What God May Really Be Like - Misbeliefs About God

To those done with religion but not God and my kids (Click FOLLOW for future Posts; See ABOUT/USING THIS SITE tab to navigate Site)

Christy Lynne Wood

Looking for the Real God

Confessions of a Recovering Churchboy

What I bought before, I just can't sell

Intermission

Reflections in the midst of life.

She Seeks Nonfiction

A skeptic's quest for books, science, & humanism

The Wild Frontier

The search for infinite Truth and the invincible Love of an incredible God.

A Wilderness Voice

"The glory of this latter house shall be greater than of the former, says the LORD of hosts: and in this place will I give peace, says the LORD of hosts." (Hag 2:9)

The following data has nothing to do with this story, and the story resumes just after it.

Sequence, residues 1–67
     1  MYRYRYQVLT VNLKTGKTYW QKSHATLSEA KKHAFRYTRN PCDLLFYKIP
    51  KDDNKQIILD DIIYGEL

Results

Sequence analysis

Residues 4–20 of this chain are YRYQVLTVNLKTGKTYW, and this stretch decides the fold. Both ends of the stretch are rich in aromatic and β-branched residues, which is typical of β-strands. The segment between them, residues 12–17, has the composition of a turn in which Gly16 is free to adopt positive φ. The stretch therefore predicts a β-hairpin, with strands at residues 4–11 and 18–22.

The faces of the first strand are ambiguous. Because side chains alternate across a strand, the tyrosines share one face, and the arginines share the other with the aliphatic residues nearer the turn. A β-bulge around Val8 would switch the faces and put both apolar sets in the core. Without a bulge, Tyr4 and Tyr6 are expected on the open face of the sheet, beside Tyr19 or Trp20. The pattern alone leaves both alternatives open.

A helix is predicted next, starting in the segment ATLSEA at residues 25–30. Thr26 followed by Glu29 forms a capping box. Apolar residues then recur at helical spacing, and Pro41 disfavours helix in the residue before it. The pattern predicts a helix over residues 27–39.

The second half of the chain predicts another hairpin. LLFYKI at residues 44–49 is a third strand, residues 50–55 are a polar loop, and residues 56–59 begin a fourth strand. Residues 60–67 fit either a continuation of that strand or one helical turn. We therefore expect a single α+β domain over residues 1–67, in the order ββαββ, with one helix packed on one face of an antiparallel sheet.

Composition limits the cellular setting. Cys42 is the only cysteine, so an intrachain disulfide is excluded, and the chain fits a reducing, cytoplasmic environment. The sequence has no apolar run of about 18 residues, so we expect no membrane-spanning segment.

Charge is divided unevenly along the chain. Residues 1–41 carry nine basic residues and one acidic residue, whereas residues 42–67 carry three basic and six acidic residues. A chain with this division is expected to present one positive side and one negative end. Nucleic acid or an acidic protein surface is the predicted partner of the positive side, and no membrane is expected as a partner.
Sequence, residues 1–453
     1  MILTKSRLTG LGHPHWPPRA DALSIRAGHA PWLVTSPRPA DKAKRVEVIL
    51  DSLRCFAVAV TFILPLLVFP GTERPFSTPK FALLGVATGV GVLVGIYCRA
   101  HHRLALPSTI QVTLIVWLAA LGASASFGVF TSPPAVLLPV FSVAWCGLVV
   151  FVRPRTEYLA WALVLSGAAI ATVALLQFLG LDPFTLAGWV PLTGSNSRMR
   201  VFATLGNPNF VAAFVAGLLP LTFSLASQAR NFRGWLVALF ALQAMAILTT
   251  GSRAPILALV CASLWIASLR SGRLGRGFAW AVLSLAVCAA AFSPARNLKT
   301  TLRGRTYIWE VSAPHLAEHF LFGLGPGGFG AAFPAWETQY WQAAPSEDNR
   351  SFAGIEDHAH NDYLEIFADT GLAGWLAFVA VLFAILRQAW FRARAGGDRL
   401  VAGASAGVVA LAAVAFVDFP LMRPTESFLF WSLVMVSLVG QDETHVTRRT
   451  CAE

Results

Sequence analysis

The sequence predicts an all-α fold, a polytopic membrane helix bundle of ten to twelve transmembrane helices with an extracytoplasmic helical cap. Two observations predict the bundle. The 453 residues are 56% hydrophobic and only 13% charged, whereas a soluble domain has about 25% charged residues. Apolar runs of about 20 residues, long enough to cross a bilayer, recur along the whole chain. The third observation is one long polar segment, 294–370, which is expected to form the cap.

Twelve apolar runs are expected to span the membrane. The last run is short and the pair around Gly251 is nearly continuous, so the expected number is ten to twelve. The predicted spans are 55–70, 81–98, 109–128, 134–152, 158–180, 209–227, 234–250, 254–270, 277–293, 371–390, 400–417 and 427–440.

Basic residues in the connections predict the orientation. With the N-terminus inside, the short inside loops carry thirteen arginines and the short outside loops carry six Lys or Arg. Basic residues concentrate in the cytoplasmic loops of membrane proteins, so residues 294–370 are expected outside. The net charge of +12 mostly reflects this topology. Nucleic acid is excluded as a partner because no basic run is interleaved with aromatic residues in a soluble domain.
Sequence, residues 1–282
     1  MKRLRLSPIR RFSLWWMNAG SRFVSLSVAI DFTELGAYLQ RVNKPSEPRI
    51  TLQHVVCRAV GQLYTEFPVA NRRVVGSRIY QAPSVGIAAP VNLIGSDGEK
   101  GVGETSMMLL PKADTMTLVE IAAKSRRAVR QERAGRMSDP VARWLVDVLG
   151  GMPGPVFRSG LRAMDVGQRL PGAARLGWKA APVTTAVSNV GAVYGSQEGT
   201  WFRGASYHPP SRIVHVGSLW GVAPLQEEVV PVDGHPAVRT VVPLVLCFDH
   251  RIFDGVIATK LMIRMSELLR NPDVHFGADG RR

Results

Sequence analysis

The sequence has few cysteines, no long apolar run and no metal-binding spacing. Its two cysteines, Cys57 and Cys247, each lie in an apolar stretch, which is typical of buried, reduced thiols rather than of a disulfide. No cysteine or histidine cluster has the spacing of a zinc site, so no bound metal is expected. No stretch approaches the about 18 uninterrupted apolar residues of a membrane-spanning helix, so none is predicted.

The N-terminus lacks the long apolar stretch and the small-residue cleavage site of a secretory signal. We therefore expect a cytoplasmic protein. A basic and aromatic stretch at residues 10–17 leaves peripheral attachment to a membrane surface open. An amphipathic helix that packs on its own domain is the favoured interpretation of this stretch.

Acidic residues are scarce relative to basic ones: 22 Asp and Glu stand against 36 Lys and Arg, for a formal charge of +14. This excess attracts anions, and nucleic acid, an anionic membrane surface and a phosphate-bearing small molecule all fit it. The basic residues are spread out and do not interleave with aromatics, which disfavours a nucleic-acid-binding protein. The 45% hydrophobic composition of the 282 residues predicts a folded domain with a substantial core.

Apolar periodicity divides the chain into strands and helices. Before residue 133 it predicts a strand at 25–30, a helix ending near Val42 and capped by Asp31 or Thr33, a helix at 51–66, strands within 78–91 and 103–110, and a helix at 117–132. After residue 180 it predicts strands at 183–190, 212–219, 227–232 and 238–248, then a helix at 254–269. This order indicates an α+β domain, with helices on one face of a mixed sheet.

What does the word God mean to you now?

It's been a long journey - so far!

Entering the Promised Land

by walking in the Spirit

Beyond Church Walls

Done with Religion ... Not Done with God

Escape to Reality

Explore the wide spaces of God's amazing grace

%d bloggers like this: